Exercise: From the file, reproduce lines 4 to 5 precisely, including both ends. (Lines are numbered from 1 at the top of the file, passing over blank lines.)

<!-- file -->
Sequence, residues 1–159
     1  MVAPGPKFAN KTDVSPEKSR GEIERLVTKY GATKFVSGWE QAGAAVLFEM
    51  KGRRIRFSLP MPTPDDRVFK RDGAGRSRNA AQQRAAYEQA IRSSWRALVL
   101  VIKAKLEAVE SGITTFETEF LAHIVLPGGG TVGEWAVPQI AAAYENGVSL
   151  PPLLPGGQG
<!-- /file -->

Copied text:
   101  VIKAKLEAVE SGITTFETEF LAHIVLPGGG TVGEWAVPQI AAAYENGVSL
   151  PPLLPGGQG